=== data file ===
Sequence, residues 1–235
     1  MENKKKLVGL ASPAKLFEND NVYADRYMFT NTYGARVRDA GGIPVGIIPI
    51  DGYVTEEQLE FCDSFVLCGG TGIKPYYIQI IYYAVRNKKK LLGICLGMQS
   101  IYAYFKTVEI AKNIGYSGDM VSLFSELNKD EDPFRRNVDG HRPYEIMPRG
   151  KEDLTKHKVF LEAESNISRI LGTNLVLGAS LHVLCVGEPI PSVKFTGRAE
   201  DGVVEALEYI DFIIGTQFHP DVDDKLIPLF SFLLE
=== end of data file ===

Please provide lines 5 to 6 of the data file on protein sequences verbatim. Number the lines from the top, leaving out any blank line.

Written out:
   151  KEDLTKHKVF LEAESNISRI LGTNLVLGAS LHVLCVGEPI PSVKFTGRAE
   201  DGVVEALEYI DFIIGTQFHP DVDDKLIPLF SFLLE